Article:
Our french style apricot jam is all-natural with real fruits.
This apricot jam has some really cool uses and I'm demystifying it all in this recipe.
How to make Apricot Jam?
You can use fresh or frozen apricots to make your own batch of homemade jam. It's without pectin, so you just need plain sugar to get this jam right.
I have outlined the steps to make it easier for you to make this apricot jam from scratch.
You will find detailed instructions with measurements in the recipe card at the bottom of this post.
Wash fruits, cut open to take out seed core.
Place fruits with sugar, lemon juice, and lemon halves into a large cooking pot.
Mix and heat up.
Bring to a rolling boil and leave to simmer until set.
Take out lemon halves, discard. Blend jam.
Test if set. The jam shouldn't run.
Pour hot jam into clean sterilized jars.
Health and Safety precautions
I have listed a set of important steps if you want to make jam at home. The same steps apply to all the jam recipes on my website.
Please follow all the steps.
During the preparation
Always use fresh ripe fruit and never ever add rotten fruit pieces to your jam. It would reduce the shelf life of your jam.
You have to make sure that the jam has set and you will know that by either doing the ice-cold plate test and/or by checking the thermometer.
If the jam is not set, it won't be good for long and that beats the purpose of preserving fruits, right?
Drop some hot jam on an ice-cold plate. If it doesn't run, it's set.
The Thermometer setting temperature is 220 Fahrenheit/ 105 Celsius. (use a candy thermometer)
Always use a clean sterilized jar with a rust-free lid.
You can sterilize jars by cooking them in water or in the oven. That kills off all the germs.
The french way is to fill the jam up to the lid, close the jar with the lid tight, and to quickly turn it upside down to create a vacuum.
This is a reliable method in Europe and we even sell our jam on the farmers market.
Just know that the FDA in the US recommends to further sterilize the full jam in the jar by doing the water bath canning technique. You can do that if you want, I don't do it because it hasn't been necessary.
The Jam is good for over 10 months if you follow my instructions and work in a clean environment.
Keep the jars in a dry and cool place away from direct sunlight, on a shelf in your pantry, or similar.
I love pepping up my fruit preserve and you can do that too without much extra effort. You can add the following to your french apricot jam during the cooking process:
- habanero or other peppers to make it hot
- vanilla extract to round it up
- green cardamom to add a complimentary spice
- cinnamon if you like this spice
- make it with another fruit such as raspberry, peach, pear to just name a few. Just keep the fruit quantity sugar ratio.
Apricot Jam has more uses than any other preserve.
Of course, spreading it over your breakfast bread is always a great option but you can also add it to your yogurt or mix it into your overnight oats.
Apricot jam is used as a pastry filling as in doughnuts (Krapfen in German countries) or in danish pastries. It goes well with fresh cheese.
Traditionally the jam is used as an important cake glaze in Viennese Torte cakes.
Apricot jam makes a great ingredient in sauces as in BBQ sauce or in dipping sauces. Mac Donald's Sweet and sour sauce is made of apricot jam.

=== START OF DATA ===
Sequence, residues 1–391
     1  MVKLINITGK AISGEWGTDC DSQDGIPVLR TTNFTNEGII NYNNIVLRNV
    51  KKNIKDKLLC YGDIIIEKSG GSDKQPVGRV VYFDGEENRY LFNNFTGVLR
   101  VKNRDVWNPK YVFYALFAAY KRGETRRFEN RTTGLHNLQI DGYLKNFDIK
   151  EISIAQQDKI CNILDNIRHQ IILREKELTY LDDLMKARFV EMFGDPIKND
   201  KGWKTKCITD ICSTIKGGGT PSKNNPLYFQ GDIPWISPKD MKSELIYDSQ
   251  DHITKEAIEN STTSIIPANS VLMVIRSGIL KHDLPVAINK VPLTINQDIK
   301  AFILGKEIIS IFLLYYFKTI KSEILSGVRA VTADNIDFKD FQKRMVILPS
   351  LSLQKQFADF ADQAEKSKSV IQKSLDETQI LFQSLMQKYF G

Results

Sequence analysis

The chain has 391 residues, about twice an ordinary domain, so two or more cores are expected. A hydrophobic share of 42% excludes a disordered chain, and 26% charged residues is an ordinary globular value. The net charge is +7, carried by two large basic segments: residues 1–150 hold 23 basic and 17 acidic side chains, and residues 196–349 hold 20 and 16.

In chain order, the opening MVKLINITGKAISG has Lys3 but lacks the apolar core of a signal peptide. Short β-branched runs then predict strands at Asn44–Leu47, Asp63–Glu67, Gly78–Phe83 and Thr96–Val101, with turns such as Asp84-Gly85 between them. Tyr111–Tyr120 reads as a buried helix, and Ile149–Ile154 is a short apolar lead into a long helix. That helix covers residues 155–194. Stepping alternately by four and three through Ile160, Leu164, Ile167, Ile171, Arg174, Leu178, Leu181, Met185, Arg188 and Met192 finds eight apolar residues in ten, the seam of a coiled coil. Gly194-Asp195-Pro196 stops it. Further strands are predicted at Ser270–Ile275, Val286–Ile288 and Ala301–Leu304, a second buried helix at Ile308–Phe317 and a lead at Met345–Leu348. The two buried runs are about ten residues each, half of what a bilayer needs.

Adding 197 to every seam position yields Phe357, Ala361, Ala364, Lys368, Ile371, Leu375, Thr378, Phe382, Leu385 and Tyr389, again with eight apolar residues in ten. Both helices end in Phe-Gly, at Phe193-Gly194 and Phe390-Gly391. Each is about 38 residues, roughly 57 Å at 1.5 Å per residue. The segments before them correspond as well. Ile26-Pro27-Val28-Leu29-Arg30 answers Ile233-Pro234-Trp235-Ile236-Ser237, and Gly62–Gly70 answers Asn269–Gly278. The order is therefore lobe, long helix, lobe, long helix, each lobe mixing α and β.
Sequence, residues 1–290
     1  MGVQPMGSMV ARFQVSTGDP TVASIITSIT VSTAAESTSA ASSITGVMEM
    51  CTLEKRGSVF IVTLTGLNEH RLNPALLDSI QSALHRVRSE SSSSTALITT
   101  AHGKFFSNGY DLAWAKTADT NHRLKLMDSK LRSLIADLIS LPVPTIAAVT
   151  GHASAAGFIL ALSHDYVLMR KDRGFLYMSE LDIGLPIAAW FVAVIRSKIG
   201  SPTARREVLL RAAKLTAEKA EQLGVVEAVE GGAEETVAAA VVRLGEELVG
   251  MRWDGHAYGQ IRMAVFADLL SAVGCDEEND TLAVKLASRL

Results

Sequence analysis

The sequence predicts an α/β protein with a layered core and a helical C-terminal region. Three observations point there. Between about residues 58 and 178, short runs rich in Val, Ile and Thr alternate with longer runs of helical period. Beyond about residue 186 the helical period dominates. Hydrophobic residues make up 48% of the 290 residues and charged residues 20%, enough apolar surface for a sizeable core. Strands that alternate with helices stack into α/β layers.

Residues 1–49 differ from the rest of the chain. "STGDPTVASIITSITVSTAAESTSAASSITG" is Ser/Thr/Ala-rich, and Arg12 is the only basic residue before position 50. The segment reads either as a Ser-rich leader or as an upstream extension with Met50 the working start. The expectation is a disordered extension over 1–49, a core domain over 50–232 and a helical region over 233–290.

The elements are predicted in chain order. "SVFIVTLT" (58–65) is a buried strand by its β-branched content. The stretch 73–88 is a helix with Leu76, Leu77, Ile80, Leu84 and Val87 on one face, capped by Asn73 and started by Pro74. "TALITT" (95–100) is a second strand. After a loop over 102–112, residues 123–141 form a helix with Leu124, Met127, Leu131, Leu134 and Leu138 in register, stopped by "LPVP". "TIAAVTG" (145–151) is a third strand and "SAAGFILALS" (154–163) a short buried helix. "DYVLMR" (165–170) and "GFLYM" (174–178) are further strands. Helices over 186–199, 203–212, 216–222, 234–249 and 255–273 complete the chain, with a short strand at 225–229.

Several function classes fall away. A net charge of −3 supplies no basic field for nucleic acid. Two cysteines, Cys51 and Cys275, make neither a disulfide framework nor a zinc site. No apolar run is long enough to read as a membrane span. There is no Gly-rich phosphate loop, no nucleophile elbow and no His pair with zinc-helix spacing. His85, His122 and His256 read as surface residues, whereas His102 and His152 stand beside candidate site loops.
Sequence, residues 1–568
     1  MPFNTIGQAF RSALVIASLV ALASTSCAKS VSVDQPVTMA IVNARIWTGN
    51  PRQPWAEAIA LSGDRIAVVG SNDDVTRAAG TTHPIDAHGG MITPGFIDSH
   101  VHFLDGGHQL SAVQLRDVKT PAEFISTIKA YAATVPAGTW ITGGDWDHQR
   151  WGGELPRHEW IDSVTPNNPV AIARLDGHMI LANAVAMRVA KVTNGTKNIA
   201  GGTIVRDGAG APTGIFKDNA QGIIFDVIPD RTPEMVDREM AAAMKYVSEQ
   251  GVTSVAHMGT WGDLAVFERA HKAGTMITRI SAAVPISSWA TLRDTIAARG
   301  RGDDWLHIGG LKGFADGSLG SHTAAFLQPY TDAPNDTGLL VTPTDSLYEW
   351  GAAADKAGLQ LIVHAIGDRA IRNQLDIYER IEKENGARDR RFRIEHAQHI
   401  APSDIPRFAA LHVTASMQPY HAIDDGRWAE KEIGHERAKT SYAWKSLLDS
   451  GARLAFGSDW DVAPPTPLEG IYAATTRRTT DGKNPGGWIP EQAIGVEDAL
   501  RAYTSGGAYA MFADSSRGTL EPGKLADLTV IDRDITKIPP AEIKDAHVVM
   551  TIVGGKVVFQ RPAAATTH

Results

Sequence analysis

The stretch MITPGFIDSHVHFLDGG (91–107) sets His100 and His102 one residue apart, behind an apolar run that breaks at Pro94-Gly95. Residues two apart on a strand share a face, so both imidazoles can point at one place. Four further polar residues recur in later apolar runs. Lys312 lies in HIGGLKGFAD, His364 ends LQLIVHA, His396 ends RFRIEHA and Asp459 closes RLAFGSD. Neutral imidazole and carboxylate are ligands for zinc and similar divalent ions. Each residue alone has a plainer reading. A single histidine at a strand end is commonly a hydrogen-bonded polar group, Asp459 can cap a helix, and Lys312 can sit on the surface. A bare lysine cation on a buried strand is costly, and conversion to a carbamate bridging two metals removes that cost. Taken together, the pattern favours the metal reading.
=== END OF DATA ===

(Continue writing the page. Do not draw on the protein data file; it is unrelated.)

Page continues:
One of my all-time favorite ways to enjoy this jam is over-baked brie. So good!!!
Please feel free to share your thoughts and ideas with us in the comment section further below!
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Apricot Jam Recipe
- Rinse apricots to get rid of impurities. Cut open and pick out and discard the core. Weigh apricots.2.2 pounds Apricot, 3½ cups Sugar, 1 lemon
- Cut the lemon into two and juice it. Keep the lemon halves.
- Place apricots with sugar, lemon juice and lemon halves into a large pot and heat up.
- Keep on high to medium heat. Bring the jam to a rolling boil (lots of foam) then take down the heat and simmer slowly. Stir occasionally.
- Cook down jam until the fruits appear glossy and a bit translucent.
- Take out lemon halves and discard. Blend jam to desired consistency.
- Test if the jam is set by dropping hot jam on an ice-cold plate, the jam is ready if it doesn't run. If it runs, keep for some more time to cook on low heat and repeat the test until you have the correct consistency (stir and cook over low heat because jam will jump up). AND/OR use a candy thermometer. It sets at 220° Fahrenheit/ 105° Celius.
- Fill your clean sterilized jam jars with the apricot jam up to the rim, close well with the lid and turn the jar upside down. Keep them upside down until you can touch them (they are hot!).
- Store in a cool and dry place, away from direct sunlight.
- 1 serving = 1 Teaspoon, 70 servings is approximately 3-4 jars.
- use fresh ore frozen apricots. Don't use canned fruits because it contains sugars and it's hard to tell how much. I don't peel my apricots because this jam gets blended at the end. You can peel yours if you want but it's extra work.
- Be careful to not overcook your jam. Overcooked jam is stone-hard when cooled down. Hot jam is always liquid and that's misleading Hence why you need to do the ice-cold plate test or use a candy thermometer (see in instructions).
- Store jam in a dry and cool place and keep away from direct sunlight. If you live in a humid tropical climate, please store the jam in the fridge.
- 3-4 Jars (10z/300ml) with lids